Wednesday, April 23, 2014


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Pretrial Hearings Begin In 9/11 Military Trial

U.S. Attorney General Eric Holder speaks during a news conference in April 2011 announcing that accused 9/11 mastermind Khalid Sheikh Mohammad will be tried before a military commission.
U.S. Attorney General Eric Holder speaks during a news conference in April 2011 announcing that accused 9/11 mastermind Khalid Sheikh Mohammad will be tried before a military commission.
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Pretrial hearings for five suspects in the 9/11 terror attacks against the United States have begun at a U.S. military courtroom in Guantanamo Bay, Cuba.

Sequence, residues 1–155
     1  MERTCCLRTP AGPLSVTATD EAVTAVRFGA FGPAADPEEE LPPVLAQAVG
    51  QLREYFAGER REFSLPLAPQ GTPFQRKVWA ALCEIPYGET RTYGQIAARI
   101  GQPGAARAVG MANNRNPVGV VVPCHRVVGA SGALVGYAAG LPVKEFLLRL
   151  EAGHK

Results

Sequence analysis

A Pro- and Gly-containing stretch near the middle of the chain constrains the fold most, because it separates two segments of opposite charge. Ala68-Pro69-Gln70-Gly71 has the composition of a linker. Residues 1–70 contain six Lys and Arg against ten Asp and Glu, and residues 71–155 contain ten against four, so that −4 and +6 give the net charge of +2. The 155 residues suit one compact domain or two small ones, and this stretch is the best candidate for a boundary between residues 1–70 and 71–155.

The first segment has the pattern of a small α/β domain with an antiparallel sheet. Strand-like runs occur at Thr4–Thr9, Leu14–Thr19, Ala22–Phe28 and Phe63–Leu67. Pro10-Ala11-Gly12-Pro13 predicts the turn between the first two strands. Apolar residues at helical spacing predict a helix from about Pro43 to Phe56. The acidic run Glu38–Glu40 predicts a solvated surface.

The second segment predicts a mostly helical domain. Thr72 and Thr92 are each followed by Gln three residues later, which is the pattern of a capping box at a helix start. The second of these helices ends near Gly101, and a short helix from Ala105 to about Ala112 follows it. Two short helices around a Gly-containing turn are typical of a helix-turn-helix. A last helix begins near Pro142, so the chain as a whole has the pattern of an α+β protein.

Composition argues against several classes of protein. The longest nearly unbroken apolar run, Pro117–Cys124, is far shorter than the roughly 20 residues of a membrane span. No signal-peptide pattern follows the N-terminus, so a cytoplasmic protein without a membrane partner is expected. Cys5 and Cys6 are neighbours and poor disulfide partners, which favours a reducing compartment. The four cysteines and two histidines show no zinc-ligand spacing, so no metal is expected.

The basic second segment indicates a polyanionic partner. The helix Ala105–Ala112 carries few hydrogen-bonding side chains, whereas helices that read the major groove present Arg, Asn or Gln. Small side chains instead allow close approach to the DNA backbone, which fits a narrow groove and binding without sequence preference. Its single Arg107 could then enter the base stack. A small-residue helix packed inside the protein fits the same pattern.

The suspects include the self-professed mastermind of the September 11, 2001 attacks, Khalid Sheikh Mohammed.

Pretrial hearings are scheduled to last through October 19.

The military tribunal is expected to hear the case next year.

The military trial has been marred by criticism.

The American Civil Liberties Union (ACLU) has called it an unfair process and said the case should be heard in a U.S. federal court.

Military prosecutors say they will seek the death penalty against any suspects found guilty of plotting to hijack and crash four passenger planes in New York and Washington.

Nearly 3,000 people -- mostly Americans but including citizens of more than 90 countries -- were killed in the 9/11 attacks.


Based on reporting by dpa and AP

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